Scientifically, no one can be of one race. One’s DNA does not begin with Grandma and Grandpa; it begins, literally, from the very beginning of time, and that’s entirely too much DNA to categorize. That is the truth of humankind.
Race is a construct. The construct of race is evident when racist, European-based beauty ideals sustain the notion that minorities don’t count, or when racist emails from Ferguson emerge, or when people of the same skin tone are assumed to behave the same way, or when legacies of slavery and colonialism create an imbalance of power and privilege. This construct of race, especially vis-à-vis racism, very much exists.
Isaiah Washington said, “I’m not black, I’m human,” around the same time as Raven-Symoné said “I’m from every continent [country] in Africa, and I’m from every continent [country] in Europe.” They pounced on Washington via social media and demanded that he clarify. They wanted Washington to say he was black, unequivocally. He is saying that he just wants to be seen as a unique and complex human being first and foremost—rather than the Stepford-wife, group-think, box of blackness into which he must fit at all times. How dare anyone monitor and control his identity? Who granted anyone but him ownership of it? Trevor Noah, the South African, comedian bases much of his routine on perceptions of color.
When people watch the Walter Scott video, in which a black man is brutally killed, it is difficult for them to view race in nuanced, scientific, “kumbaya” terms. What they see is a white police officer desecrating and policing the body of a black victim, a practice that seemingly has occurred throughout “black” history. As a result, they view race in terms of war. To them, an unspoken racial war is happening on American soil, as the Walter Scott video proves, and it is difficult to watch such a video and not choose the victim’s side. “Whose side you are on,” then becomes a very serious issue in the black community. Saying “you’re not black,” when Walter Scott videos exist, is tantamount to defecting from your side, your team, your group. It even strays into the realm of your being “on the other side,” which could explain the aggressive policing of black identity to ensure that every member toes the line.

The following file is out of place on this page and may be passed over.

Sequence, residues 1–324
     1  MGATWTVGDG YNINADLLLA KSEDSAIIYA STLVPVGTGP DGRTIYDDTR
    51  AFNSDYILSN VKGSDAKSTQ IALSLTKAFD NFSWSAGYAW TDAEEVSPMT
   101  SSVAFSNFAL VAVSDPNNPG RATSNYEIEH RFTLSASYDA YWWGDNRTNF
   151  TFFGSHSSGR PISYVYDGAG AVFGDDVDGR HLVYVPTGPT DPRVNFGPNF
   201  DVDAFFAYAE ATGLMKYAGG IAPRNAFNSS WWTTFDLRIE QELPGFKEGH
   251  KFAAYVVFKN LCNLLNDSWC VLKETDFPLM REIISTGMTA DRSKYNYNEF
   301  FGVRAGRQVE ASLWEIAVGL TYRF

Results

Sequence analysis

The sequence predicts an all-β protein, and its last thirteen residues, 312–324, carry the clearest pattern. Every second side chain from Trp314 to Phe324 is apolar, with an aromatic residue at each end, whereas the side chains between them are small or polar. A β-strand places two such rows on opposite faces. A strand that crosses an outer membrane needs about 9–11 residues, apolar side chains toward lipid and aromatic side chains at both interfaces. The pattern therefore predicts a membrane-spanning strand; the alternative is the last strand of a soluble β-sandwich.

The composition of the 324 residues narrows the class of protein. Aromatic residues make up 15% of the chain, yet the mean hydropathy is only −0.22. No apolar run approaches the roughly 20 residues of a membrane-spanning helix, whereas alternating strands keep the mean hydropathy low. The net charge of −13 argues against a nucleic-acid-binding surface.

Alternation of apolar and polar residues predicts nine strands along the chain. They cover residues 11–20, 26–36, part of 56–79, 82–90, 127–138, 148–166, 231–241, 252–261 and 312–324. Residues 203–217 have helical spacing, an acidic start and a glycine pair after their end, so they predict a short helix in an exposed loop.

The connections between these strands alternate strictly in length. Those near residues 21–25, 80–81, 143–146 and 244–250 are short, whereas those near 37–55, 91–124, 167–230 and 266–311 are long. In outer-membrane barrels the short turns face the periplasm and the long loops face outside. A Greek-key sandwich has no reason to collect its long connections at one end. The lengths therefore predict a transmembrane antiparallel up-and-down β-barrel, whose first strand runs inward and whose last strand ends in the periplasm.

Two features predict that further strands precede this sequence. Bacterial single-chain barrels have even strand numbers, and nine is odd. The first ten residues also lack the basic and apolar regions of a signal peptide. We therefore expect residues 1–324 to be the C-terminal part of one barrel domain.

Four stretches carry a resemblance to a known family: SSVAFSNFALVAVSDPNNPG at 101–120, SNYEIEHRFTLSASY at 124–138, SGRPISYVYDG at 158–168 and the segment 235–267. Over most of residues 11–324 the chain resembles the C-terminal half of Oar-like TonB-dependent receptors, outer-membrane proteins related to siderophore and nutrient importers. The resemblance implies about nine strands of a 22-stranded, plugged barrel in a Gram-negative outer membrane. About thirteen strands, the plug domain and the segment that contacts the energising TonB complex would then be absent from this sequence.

Of course, some members of the African Diaspora view blackness as a characteristic in which to take pride and celebrate. If anything, they may feel that “New Blacks” who dissociate with blackness are simply doing so because they see blackness as negative, rather than positive. But why in their minds would that be the only reason for the dissociation? Yes, some black people might dissociate from blackness because they see it as a negative, but some others might be dissociating from hard and fast labels; they want to live with more complexity—outside of others telling them what and whom they are. And some others might dissociate or even associate for millions of other reasons. Why does everyone have to experience identity in the same way? The lack of room for possibility in identity, the lack of room for people to be dynamic beings, is dangerous—even cultish. Ultimately, people have no right to shackled to labels, even if they feel that you will inevitably be shackled by racism.
Race, religion, nationality, culture... who cares? Why do we insist on separating ourselves from others? If we can have "global economy" then why not global citizenship? Humans do care about each other no matter what race, religion, nationality. But those in power don’t want us to live together peacefully. Media is always shoving hate down our throats. Political correctness and identity politics are detrimental to the socialist cause.
"There is a class of colored people who make a business of keeping the troubles, the wrongs, and the hardships of the Negro race before the public. Some of these people do not want the Negro to lose his grievances, because they do not want to lose their jobs. There is a certain class of race-problem solvers who don't want the patient to get well." - Booker T Washington
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